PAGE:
Sunday, 1 November 2009
Eye of the Beholder
[Eye of the Beholder box art via Wikipedia]
This classic game comes up in conversations every now and again, and for a few reasons. Eye of the Beholder dates back to 1990, running in DOS prior to other ports - I wonder if I will be able to get it on the iPhone anytime soon...
Anyhow, for its time, the graphics was pretty good (scary looking at them now) and we had this virtual 3D world, well a simplistic turn-based grid rendered to look a little 3D anyhow. Here are a few screenshots of the game:
[screenshots from Eye of the Beholder assembled from multiple sources]
There are several reasons I like to reference the game, apart from some fond memories of lots of hours playing. One of the elements of the game involved collecting keys to open doors, esp for a sequence at the end and while a fine mechanic, if you get to the end and start unlocking doors to find that you need 4 silver keys and only collected 3, then you were stuffed. The idea of going back through the whole dungeon hunting for another key was silly, so you would just give up - maybe start again. It had quite a good level of re-playability actually.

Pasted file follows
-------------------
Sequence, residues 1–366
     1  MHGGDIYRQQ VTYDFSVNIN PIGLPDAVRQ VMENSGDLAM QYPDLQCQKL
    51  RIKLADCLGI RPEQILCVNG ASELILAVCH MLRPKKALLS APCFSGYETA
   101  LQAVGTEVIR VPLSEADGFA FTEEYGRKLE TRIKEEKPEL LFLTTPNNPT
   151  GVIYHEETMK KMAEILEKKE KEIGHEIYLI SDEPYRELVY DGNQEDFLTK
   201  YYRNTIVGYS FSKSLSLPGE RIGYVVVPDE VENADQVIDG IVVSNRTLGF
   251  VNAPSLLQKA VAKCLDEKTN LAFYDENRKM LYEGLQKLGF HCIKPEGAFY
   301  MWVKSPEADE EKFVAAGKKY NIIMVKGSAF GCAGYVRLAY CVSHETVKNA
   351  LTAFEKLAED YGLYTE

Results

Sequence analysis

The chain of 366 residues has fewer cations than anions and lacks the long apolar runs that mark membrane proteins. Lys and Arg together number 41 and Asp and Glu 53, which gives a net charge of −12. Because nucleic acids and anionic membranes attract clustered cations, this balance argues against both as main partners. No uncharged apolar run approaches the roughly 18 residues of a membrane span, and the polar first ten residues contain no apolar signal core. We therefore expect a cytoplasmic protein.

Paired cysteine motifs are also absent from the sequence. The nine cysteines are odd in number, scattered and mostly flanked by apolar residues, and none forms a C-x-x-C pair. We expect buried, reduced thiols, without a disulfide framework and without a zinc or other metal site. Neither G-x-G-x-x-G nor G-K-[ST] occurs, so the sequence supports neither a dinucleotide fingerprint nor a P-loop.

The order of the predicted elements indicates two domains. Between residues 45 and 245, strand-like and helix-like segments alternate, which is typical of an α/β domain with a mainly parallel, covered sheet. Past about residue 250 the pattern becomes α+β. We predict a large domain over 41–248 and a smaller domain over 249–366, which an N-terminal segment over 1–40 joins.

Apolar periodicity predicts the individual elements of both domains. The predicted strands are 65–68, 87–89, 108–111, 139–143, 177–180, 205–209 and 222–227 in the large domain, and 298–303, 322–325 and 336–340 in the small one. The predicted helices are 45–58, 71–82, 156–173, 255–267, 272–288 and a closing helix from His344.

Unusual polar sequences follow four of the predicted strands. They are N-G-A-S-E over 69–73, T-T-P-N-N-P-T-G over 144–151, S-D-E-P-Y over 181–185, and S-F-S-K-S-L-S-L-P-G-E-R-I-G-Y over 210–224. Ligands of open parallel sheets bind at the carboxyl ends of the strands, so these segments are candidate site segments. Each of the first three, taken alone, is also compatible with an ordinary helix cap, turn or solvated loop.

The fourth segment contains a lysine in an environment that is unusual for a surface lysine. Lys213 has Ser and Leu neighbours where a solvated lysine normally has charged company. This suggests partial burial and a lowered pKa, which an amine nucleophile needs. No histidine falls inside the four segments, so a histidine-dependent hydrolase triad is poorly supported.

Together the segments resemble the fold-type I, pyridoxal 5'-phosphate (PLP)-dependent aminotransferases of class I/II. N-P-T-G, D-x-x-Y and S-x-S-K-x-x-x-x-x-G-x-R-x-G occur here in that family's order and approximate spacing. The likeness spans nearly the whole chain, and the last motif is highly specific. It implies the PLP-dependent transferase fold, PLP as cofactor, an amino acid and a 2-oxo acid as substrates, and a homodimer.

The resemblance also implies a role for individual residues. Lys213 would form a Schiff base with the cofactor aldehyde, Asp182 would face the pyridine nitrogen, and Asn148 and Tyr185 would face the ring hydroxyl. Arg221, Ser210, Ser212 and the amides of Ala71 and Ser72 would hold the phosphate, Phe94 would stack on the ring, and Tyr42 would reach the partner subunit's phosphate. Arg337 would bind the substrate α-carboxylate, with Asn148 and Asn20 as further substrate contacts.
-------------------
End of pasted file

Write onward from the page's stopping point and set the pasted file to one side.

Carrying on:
The main feature to note for me was the level with the spiders. Here you had a maze of tunnels with spiders moving around in them. The spiders had a poison attack that was very deadly, so you start with a certain amount of apprehension. Then as you (and the spiders) move around in single turns you can hear the spiders, through the walls or down the corridors. This made for a truly exciting experience, you were nervous about going around corners (2 turns) and a T-junction was scary because it took a turn to move forward a turn to look left and then 2 more turns to look the other way. All this time the clicking of the spiders would get louder and louder.
This is one of the best examples of building tension using very simple mechanics. If we leap waaay forward to doom3 we get a similar effect with much greater visual impact with the flashlight.
There were some nice features, you could assemble a party of 4 at the outset and have other characters join you as you went along. I remember even making a party of 4 paladins who stomped merrily around the spider level with their immunity to poison.